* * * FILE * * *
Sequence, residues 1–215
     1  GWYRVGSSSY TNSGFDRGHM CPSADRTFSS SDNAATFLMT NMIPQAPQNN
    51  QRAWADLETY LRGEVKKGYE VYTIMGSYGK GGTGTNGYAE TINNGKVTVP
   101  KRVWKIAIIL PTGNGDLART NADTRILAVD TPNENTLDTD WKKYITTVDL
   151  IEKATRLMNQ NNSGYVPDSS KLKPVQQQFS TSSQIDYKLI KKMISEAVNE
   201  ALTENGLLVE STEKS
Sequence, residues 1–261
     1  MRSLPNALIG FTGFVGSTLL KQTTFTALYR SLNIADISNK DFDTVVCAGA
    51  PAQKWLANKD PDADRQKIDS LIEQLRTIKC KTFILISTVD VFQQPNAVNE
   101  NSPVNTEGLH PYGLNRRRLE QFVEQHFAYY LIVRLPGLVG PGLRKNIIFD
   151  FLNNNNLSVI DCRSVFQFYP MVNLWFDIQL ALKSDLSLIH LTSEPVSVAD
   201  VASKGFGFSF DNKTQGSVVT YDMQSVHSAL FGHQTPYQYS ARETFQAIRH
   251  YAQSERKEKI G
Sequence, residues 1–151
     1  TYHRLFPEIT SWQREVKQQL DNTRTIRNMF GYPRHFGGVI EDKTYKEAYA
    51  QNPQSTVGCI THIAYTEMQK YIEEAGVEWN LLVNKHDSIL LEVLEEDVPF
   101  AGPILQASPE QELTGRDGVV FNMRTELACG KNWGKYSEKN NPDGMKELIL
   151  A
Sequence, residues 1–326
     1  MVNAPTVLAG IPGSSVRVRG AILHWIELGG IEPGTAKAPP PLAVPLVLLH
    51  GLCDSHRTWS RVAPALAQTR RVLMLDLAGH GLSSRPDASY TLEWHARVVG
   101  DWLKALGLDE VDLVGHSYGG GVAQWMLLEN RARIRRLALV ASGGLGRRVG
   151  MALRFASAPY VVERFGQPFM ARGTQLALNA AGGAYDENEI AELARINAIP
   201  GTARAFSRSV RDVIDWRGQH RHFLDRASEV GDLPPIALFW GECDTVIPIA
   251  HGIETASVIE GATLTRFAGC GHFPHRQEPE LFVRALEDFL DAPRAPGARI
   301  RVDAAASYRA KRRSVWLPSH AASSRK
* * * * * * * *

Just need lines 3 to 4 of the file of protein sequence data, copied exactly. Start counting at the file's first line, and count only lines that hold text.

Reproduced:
    51  QRAWADLETY LRGEVKKGYE VYTIMGSYGK GGTGTNGYAE TINNGKVTVP
   101  KRVWKIAIIL PTGNGDLART NADTRILAVD TPNENTLDTD WKKYITTVDL